The new federal infrastructure law will invest more than $1 trillion over the next five years in roads, bridges and other construction projects. While billions of dollars are being used to build charging stations for electric vehicles and public transit, significantly more money will go toward road projects that could significantly increase carbon emissions. As Brad Plumer writes for the New York Times, some states – including Colorado – hope to use these dollars in ways that won’t worsen climate change:
Over the coming decade, the decisions that Colorado and other states make about how many new roads to build could have major consequences for America’s ability to tackle climate change. Transportation is the nation’s largest source of greenhouse gases, producing 29 percent of emissions, and has been stubbornly difficult to clean up. … “This is a major blind spot for politicians who say they care about climate change,” said Kevin DeGood, director of infrastructure policy at the Center for American Progress, a liberal think tank. “Everyone gets that oil pipelines are carbon infrastructure. But new highways are carbon infrastructure, too. Both lock in place 40 to 50 years of emissions.”
To address this issue, Colorado recently approved new rules that require communities to limit the overall greenhouse gas emissions that would result from building new roads by offsetting such projects with greener alternatives such as shuttles, public transportation and light rail. But moving away from a car-first infrastructure mindset will be challenging:
“We’ve been building communities oriented around cars and single-family homes pretty much since World War II,” said Andrew Gunning, executive director of the Pikes Peak Area Council of Governments, which oversees the rapidly growing region around Colorado Springs. “Trying to retrofit and change how we build those communities is going to be a monumental undertaking.”
Medicaid coverage at risk as Covid protections end
The federal declaration of a public health emergency for Covid is set to end on April 16, ending the rules that protect Medicaid coverage for enrollees during the pandemic. Rachana Pradhan reports for NPR that, barring an extension of the emergency declaration, millions of people could lose their coverage in coming months:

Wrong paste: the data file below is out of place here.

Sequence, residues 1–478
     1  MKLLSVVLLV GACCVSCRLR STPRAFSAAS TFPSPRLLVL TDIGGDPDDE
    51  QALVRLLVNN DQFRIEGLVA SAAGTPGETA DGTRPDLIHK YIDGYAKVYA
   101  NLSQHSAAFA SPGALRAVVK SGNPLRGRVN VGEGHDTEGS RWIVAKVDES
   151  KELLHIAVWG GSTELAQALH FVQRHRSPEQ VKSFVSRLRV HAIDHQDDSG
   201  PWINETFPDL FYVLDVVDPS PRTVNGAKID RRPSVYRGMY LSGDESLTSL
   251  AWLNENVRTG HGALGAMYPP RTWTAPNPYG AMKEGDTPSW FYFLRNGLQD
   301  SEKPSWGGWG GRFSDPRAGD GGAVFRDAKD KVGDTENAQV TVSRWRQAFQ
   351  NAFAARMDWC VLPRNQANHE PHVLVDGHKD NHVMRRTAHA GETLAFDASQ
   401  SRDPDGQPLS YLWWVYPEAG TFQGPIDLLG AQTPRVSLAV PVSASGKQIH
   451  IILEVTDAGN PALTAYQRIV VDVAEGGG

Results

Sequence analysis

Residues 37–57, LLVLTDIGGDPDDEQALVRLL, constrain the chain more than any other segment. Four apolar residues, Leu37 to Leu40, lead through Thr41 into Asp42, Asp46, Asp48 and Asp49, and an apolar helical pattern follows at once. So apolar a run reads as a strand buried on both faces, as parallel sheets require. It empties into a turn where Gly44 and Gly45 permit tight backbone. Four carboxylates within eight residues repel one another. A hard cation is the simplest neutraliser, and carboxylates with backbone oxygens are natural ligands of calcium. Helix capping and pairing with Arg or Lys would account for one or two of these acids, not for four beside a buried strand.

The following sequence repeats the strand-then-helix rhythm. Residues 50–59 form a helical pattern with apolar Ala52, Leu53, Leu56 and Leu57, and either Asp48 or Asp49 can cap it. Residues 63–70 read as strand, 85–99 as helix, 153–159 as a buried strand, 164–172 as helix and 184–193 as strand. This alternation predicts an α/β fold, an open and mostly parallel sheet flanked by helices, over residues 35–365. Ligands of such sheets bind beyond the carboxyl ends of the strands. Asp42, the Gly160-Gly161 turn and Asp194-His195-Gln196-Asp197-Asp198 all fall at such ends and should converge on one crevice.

Before the public health crisis, states regularly reviewed whether people still qualified for the safety-net program, based on their income or perhaps their age or disability status. While those routines have been suspended for the past two years, enrollment climbed to record highs. As of July, 76.7 million people, or nearly 1 in 4 Americans, were enrolled, according to the Centers for Medicare & Medicaid Services. When the public health emergency ends, state Medicaid officials face a huge job of reevaluating each person’s eligibility and connecting with people whose jobs, income, and housing might have been upended in the pandemic. People could lose their coverage if they earn too much or don’t provide the information their state needs to verify their income or residency.
Parenting students need more support
About 1-in-5 college students are primary caregivers for a child. A new brief from the Hope Center finds that policies in place to help such students are inadequate, and that some make getting a degree harder. The authors reviewed surveys from more than 30,000 students and found that challenges meeting basic needs while in school fell disproportionately on students of color and single-parent students:
The pandemic heightened the basic needs risks of parenting students. The help available is not reaching those who need it most. Structural racism limits generational wealth for people of color, especially Black people, and entrenches racial barriers to degree completion that make the financial hurdles of college especially risky. Plus, aid programs often exclude students or disincentivize postsecondary enrollment. Targeted interventions are urgently needed to address the staggering rate of basic needs insecurity parenting students of color and their children experience, particularly among single parents of young children and Black fathers.
The brief recommends that states overhaul financial aid programs that discriminate against parents, prioritize parenting students for child care assistance, allow college coursework to fulfill TANF work requirements and increase funding for programs that support parents on college campuses.
Solidifying the status quo
With veto-proof supermajority votes, Louisiana’s state House and Senate approved new district maps for their own chambers on Monday that fail to increase the number of Black-majority districts. Tyler Bridges and Will Sentel for The Advocate report that Black lawmakers tried unsuccessfully to amend the maps to add more minority representation:
The Senate plan would maintain 11 Black-majority districts, while the House plan would keep 29. Rep. Denise Marcelle and Sen. Ed Price, both of whom are Black, said those numbers should increase since Louisiana has more Black residents compared to 10 years ago and fewer White people. Marcelle and Price said both plans underrepresent the 33% Black population in Louisiana. Cortez countered that drawing more Black-majority districts would require extensive gerrymandering – oddly-shaped boundaries drawn solely for political purposes.
Gov. John Bel Edwards is still weighing whether to use his veto power to reject maps that don’t increase Black representation. Greg Larose of the Louisiana Illuminator reports that Edwards called the congressional maps “very problematic” but that he hasn’t decided on a veto.
Number of the Day
120,700 – Total applications for Emergency Rental Assistance Program in Louisiana from mid-March through late January (Source: Daily Advertiser)